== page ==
Jeff Beck

Jeff Beck (1944–2023) was an English rock guitarist who emerged as the lead soloist in the Yardbirds during the mid-1960s. In 1968, he formed the first edition of the Jeff Beck Group with vocalist Rod Stewart and bassist Ron Wood, releasing two albums on Columbia in 1968 and 1969.

In 1971, Beck formed a second iteration of his namesake backing group with drummer Cozy Powell and keyboardist Max Middleton, releasing two albums on Epic. In 1973, Beck teamed with Vanilla Fudge alumni in the supertrio Beck, Bogert & Appice, which released a studio album and a live disc in the space of that year. By the mid-1970s, Beck embraced jazz-rock with the George Martin-produced Epic titles Blow by Blow (1975) and Wired (1976).

Jeff Beck was born Geoffrey Arnold Beck on June 24, 1944, in Wallington, Surrey, England. His interest in the electric guitar was sparked at age six when he heard Les Paul’s 1951 version of “How High the Moon” on the radio. As a teenager, he built his first guitar with bolted cigar boxes and a fence post.

In 1962, Beck attended Wimbledon College of Art and gigged in a string of bands, including The Crescents, The Bandits, and Screaming Lord Sutch and the Savages. The following year, he formed the R&B/beat combo The Nightshift, which issued the Piccadilly single “Stormy Monday” / “That’s My Story.” He passed through several more bands on London’s beat scene (The Rumbles, The Tridents) and played on the 1964 Parlophone single “I’m Not Running Away” (b/w “So Sweet”) by Fitz & Startz.

In March 1965, friend and fellow guitarist Jimmy Page recommended Beck to the Yardbirds, where he replaced Eric Clapton. Beck served as their lead guitarist for 20 months, playing on the 1965/66 singles “Heart Full of Soul,” “Evil Hearted You,” “Shapes of Things,” “Over Under Sideways Down,” “Happenings Ten Years Time Ago,” and the 1966 album Yardbirds (aka Roger the Engineer).

Beck’s time with the Yardbirds was marked by sonic innovations, such as the sitar-buzz tone on “Heart Full of Soul” and the reverb effects on “Happenings Ten Years Time Ago.” The latter also features Page, who joined the lineup in June 1966. Weeks earlier, Beck and Page teamed with Who drummer Keith Moon, pianist Nicky Hopkins, and bassist John Paul Jones on “Beck’s Bolero,” an instrumental based on Ravel’s Boléro.

In November 1966, Beck was dismissed from the Yardbirds.


The Jeff Beck Group released their debut album, Truth, on July 28, 1968, in the US on Epic Records. On October 4, Truth appeared in the UK on Columbia Records.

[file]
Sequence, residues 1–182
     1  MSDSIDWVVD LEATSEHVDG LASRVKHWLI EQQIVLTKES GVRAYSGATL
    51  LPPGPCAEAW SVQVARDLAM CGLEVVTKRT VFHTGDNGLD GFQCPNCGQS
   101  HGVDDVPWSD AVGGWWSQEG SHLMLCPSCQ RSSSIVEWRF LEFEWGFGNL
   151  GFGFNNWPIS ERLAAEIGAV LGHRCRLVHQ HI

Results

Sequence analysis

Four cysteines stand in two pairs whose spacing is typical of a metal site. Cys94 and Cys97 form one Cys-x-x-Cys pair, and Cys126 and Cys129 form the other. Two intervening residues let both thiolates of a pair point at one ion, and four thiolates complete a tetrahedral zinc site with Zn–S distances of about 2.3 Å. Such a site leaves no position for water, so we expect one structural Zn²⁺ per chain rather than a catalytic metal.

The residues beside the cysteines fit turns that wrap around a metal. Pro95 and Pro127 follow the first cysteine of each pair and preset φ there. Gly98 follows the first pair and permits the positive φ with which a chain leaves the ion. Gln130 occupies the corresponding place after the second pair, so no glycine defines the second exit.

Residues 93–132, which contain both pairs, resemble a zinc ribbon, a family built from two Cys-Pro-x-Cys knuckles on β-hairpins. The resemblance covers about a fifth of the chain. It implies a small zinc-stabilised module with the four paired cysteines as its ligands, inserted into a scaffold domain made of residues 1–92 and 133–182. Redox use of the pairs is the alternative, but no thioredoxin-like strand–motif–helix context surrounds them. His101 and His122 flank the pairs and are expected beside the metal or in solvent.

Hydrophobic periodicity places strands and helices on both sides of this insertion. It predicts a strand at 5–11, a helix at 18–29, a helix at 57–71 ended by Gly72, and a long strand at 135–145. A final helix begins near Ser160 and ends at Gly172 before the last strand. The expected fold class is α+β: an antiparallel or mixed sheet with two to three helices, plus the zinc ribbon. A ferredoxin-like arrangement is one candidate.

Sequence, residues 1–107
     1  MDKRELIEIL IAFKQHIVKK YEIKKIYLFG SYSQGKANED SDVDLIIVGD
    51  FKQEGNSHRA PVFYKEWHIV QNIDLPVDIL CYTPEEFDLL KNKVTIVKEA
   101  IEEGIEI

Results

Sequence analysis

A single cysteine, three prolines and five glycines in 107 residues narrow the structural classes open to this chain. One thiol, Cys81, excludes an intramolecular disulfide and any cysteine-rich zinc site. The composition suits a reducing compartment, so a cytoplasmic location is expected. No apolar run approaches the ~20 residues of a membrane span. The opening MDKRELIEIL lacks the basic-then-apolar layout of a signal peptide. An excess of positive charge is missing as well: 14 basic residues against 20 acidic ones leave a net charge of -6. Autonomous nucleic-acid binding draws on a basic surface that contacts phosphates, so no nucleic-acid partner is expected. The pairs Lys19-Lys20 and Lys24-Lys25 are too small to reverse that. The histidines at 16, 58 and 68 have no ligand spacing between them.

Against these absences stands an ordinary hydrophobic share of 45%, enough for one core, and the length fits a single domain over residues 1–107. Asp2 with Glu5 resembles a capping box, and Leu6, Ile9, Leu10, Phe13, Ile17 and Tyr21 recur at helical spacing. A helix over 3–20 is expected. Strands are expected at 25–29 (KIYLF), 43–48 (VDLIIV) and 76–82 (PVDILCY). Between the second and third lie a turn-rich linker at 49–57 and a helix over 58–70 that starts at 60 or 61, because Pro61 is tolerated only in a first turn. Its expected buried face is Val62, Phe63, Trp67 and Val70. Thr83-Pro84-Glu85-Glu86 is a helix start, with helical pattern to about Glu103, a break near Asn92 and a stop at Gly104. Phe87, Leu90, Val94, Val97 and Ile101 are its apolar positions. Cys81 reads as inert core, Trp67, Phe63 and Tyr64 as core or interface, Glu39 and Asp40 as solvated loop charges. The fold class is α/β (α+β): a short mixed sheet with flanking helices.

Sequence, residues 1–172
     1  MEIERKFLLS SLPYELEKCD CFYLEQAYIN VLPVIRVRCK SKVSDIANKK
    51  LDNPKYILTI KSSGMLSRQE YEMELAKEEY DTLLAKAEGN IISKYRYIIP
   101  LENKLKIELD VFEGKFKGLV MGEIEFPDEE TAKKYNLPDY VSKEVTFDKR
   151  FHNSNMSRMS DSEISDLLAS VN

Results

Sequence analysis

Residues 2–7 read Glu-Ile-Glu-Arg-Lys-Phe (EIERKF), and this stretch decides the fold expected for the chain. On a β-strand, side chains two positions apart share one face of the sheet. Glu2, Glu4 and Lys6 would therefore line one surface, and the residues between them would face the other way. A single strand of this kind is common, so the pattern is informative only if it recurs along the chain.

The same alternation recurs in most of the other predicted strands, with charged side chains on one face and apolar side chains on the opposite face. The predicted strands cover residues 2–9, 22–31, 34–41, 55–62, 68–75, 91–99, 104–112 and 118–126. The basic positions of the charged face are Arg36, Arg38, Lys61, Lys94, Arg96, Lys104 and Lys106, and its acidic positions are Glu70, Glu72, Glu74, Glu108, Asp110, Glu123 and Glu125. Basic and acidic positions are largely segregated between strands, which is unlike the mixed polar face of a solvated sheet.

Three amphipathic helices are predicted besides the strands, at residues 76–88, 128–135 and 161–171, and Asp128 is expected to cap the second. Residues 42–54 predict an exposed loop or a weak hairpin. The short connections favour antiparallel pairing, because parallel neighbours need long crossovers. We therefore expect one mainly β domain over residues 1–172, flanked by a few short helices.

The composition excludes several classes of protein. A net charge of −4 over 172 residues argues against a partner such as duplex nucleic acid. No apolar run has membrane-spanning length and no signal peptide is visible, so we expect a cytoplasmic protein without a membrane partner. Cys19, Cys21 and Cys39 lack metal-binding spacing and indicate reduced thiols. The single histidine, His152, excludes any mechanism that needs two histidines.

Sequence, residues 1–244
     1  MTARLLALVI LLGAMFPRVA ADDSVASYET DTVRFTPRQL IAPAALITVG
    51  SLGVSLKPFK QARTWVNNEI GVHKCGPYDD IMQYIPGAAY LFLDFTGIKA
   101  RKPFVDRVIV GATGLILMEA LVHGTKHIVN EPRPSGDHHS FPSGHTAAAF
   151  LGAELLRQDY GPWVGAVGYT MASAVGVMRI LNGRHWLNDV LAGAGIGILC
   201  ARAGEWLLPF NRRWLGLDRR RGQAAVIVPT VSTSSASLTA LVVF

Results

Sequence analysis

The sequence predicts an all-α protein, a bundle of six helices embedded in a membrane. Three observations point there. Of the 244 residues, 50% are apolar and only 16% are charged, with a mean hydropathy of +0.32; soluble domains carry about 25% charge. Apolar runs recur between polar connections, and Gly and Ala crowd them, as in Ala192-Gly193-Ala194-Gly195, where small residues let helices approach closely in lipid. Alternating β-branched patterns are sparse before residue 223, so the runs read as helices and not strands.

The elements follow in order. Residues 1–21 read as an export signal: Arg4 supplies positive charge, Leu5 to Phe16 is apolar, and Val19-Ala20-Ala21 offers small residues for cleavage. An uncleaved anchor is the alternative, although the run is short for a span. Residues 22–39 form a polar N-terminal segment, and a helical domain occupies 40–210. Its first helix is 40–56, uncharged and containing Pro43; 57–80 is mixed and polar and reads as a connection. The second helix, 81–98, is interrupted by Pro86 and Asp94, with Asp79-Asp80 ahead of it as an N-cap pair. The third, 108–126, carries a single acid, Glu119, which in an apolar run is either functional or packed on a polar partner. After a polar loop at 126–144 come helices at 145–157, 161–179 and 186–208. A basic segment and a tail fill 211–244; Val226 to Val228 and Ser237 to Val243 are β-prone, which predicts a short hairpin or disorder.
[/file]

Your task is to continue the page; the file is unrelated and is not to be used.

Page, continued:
The Jeff Beck Group released their second album, Beck-Ola, on US Epic (June 1969) and UK Columbia (August).

Rough and Ready

Jeff Beck released his third ‘Group’ album, Rough and Ready, on October 25, 1971, on Epic. It’s the first of two albums by the second edition of the Jeff Beck Group with bassist Clive Chaman, drummer Cozy Powell, keyboardist Max Middleton, and singing rhythm guitarist Bobby Tench.

Jeff Beck Group

The Jeff Beck Group’s self-titled fourth album appeared on May 1, 1972, on Epic.

Beck, Bogert & Appice

In June 1972, Jeff Beck re-connected with bassist Tim Bogert and drummer Carmine Appice. He enlisted them for the tour behind the fourth Jeff Beck Group album in place of Clive Chaman and Cozy Powell (ironically, the two musicians hired in lieu of Bogert and Appice when the American pair got tied to Cactus). When the tour wrapped, Beck formed a power trio with Bogert and Appice.

Beck, Bogert & Appice released a self-titled studio album and a live album, both in 1973 on Epic.

Blow by Blow

Jeff Beck released his fifth album, Blow by Blow, on March 29, 1975, on Epic. It’s his first of two instrumental jazz-rock albums produced by George Martin. Blow by Blow is Beck’s seventh post-Yardbirds album (counting BBA) and technically his first solo album (though Truth, recognized as the first Jeff Beck Group album, is billed under his name alone).


Jeff Beck released his sixth album, Wired, in May 1976 on Epic.

Jeff Beck with the Jan Hammer Group Live

In March 1977, Jeff Beck released a collaborative live album with the Jan Hammer Group.

There & Back

Jeff Beck released his seventh solo-lead studio album, There & Back, in June 1980 on Epic.


Jeff Beck released his eighth solo-lead studio album, Flash, in July 1985 on Epic–CBS.


  • Truth (1968)
  • Beck-Ola (1969 • The Jeff Beck Group)
  • Rough and Ready (1971 • Jeff Beck Group)
  • Jeff Beck Group (1972 • Jeff Beck Group)
  • Blow by Blow (1975)
  • Wired (1976)
  • Jeff Beck with the Jan Hammer Group Live (1977)
  • There and Back (1980)
  • Flash (1985)
  • Jeff Beck’s Guitar Shop (1989)


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